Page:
Meet the business owners who legalized street food trucks

Truckin ‘through the pandemic

This story was written for Very Local by Kate Taylor. You can see other stories she wrote here.

New Orleans means a lot to a lot of people. For some it is the perfect vacation spot, a place where you can dance and drink your worries without worrying about putting on a few pounds. For others, it’s a tough mistress, a city that takes it with both hands and gives little in return. Still for many of us who call her home, she’s a stormy lover, ready to torture you to make sure you’re worthy of her. When she’s finally convinced you’ve passed the test, she never leaves you.

Often, people’s perception of the city comes down to their resilience (or stubbornness). After all, it takes a lot of nerve to take on New Orleans. But a lot of people did just that, and some of them even won, becoming part of the ephemeral tapestry that makes up the city.

Rose Nicaud was one of them. The slave woman served coffee from a portable cart that she woven in and out of the French market to become New Orleans’ premier coffee vendor. Another mobile food vendor was Pearl the Pie Lady. You could see and hear her rolling her pie cart around the French Quarter singing “Pie Laaaady”. Although she unfortunately did not continue selling pies after Hurricane Katrina, many still remember her and yearn for her return.

Today’s mobile vendors are food trucks. These modern day carts have the same entrepreneurial spirit as Rose Nicaud and the Pie Lady. Because what could be more NOLA than to combine the southern need to feed everyone while having the ingenuity to get paid for it?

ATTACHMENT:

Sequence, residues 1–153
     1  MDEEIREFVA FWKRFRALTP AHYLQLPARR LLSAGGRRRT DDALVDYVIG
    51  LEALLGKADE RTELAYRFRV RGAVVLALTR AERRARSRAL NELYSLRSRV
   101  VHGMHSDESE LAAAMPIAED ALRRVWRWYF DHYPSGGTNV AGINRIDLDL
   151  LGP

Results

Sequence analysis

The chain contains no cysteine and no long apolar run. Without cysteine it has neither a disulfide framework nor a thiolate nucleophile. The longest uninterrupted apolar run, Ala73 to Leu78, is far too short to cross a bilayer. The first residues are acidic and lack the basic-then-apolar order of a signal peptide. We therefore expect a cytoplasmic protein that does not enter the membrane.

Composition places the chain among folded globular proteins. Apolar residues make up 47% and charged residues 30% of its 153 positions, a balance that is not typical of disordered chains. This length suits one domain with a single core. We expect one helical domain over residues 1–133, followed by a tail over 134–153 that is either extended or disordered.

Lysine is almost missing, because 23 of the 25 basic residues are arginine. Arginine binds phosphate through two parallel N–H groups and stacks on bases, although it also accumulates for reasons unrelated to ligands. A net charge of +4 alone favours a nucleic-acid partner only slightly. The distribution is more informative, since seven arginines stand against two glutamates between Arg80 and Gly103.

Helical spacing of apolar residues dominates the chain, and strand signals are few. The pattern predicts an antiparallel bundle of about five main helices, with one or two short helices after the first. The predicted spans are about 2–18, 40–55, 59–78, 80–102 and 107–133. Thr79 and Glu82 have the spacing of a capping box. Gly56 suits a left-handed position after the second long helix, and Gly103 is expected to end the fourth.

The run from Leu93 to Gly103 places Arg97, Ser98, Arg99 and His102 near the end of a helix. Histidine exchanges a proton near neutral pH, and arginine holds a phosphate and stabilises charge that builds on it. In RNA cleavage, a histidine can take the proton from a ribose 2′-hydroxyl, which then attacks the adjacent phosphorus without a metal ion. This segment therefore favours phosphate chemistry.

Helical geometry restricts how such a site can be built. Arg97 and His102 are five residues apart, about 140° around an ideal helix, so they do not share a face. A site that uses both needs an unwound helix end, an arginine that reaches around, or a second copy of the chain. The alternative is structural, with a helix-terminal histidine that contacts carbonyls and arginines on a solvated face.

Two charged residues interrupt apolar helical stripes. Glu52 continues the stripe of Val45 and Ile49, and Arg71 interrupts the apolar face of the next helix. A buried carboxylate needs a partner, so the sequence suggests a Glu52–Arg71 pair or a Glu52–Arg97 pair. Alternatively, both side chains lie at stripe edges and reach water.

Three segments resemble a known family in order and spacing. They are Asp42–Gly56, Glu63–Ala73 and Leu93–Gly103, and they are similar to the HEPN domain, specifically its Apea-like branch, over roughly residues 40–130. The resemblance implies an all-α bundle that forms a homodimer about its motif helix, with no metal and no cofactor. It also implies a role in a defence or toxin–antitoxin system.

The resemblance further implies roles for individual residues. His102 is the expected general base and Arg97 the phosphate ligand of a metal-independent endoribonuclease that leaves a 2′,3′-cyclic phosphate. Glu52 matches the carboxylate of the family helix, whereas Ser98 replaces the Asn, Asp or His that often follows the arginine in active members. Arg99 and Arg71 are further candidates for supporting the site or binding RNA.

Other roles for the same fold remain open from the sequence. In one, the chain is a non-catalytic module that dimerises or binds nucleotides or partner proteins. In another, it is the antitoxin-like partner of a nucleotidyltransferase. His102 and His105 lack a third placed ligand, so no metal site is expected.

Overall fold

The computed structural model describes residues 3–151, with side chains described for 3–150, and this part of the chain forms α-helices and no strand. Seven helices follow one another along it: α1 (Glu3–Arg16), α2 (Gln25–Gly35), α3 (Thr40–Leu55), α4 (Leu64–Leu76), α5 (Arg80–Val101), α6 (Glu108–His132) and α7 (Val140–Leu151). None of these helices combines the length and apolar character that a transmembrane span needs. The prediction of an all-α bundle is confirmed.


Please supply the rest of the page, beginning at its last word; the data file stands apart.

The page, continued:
I had the chance to speak with owners Rachel Angulo about La Cocinita food truck and Stephen Maher from Bonafried last week to see how their individual journeys started, progressing through the pandemic, and how the rest of us can find them.

KT: What made you want to create a food truck?

Rachel:Benoit Angulo [and I] they met while working together at Commander’s Palace, a New Orleans fine-dining restaurant. While having a drink in a neighborhood bar late one evening after a long shift, [we] has been hungry, not having eaten since the 5 p.m. outpost meal. Disappointed with the lack of late-night dining options nearby, Benoit came up with the idea of ​​starting a food truck together.

Benoit envisioned taking inspiration from the feel and flavors of the late-night street carts lining a street in Caracas called “Calle del Hambre” (“Hunger Street”). Benoit presented [me] to his arepas, and soon after, I fell in love with both Benoit and his cooking. The New Orleans truck opened on November 19, 2011, in the same bar where it all began… and the rest is history!

Stephane: “We wanted to work for ourselves. I didn’t want to wait and learn a new trade, and the only things I had really done were food service and HVAC repairs and maintenance. Naturally, I thought I could turn a 30 year old bread truck into a kitchen. It was also all we could afford to do.

KT: How did the process go?

Rachel: “When we first opened our foodtruck in 2011, we learned that the laws governing street food vendors (dating back to the Roman candy cart!) Had not been updated since 1956. We have been working with the town hall and the town hall to change the legislation. A year and a half after writing my initial proposal, we were able to accomplish the following changes: